Objectives : Genetics explains a small amount of the variability in the response of plasma phylloquinone to phylloquinone intake. Whether epigenetic modifications, which reflect interactions between the genome and environment, are related to the plasma phylloquinone response to supplementation has not been examined. The objective of this study was to conduct an epigenome-wide association study (EWAS) to identify genetic loci whose methylation levels associate with changes in circulating phylloquinone in response to phylloquinone supplementation.
Methods : We used data from a 3-year, randomized controlled, phylloquinone supplementation (500 ug/d) trial in healthy older adults. One hundred four white participants in the supplementation group who passed filters for adherence to the protocol (mean age=68(5.0) years, 56% female) were classified as responders or non-responders according to their change in plasma phylloquinone. Of these, 24 participants with the smallest (non-responders) and 24 participants with the largest (responders) change in plasma phylloquinone were selected for DNA methylation analysis. DNA was isolated from baseline blood samples. Bisulfite-converted DNA for these 48 individuals was analyzed using the Illumina MethylationEPIC microarray platform at the Yale Center for Genome Analysis in New Haven, CT. The association of responder status with methylation beta-value at each site was examined using logistic regression adjusted for control-probe principal components.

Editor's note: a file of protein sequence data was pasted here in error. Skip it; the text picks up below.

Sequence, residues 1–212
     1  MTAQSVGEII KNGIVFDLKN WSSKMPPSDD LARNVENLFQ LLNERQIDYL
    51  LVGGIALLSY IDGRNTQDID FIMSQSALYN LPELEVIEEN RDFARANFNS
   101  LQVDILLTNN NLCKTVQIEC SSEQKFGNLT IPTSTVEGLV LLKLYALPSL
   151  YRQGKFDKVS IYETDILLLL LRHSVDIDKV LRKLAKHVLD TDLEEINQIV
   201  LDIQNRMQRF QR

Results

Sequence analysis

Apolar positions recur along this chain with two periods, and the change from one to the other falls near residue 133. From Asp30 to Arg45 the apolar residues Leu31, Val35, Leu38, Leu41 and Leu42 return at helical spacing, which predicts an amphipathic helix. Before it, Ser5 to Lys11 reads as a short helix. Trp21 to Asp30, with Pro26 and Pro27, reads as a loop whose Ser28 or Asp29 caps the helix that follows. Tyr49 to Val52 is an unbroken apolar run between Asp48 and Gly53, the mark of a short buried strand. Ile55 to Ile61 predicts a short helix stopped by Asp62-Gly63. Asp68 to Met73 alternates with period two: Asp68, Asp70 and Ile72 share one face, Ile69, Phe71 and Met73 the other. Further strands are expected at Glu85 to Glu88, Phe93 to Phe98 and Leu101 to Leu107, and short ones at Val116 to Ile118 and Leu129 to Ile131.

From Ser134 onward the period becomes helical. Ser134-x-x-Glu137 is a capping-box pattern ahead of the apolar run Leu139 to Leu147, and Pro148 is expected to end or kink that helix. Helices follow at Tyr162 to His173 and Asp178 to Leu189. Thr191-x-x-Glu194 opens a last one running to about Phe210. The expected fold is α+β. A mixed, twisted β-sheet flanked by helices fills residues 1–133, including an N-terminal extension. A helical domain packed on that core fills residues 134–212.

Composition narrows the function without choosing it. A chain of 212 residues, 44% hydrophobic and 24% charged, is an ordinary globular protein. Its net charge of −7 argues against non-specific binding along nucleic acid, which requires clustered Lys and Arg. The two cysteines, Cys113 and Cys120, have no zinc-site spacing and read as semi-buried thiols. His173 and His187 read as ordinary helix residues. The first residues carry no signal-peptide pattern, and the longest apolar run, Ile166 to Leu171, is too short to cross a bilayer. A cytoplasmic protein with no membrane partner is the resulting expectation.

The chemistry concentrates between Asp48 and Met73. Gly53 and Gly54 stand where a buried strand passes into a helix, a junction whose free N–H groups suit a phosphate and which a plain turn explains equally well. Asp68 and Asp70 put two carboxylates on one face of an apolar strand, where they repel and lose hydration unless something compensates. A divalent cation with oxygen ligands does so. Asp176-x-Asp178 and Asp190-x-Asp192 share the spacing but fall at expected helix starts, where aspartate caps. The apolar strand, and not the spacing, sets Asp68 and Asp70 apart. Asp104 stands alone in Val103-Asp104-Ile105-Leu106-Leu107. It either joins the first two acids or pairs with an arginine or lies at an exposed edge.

Forty (38%) of the 104 participants had changes in plasma phylloquinone that classified them as non-responders. A single CpG site (cg10918016 in NCOR2) was associated with plasma phylloquinone responder status at genome-wide Bonferroni level of significance (p < 6.4 x 10-8). In the presence of moderate genomic inflation (λ=1.21), 5239 sites showed suggestive associations (Benjamini-Hochberg FDR < 0.2).
Conclusions : DNA methylation levels may contribute toward the inter-individual plasma phylloquinone response to supplementation. Larger studies in diverse populations are warranted to clarify the causal influence of methylation on the vitamin K status.
Funding Sources :
Study supported by the USDA Agricultural Research Service under Cooperative Agreement No. 58-1950-7-707, NHLBI T32HL069772, and the Gerald Cassidy Student Research Award
*JMK and KW contributed equally to this research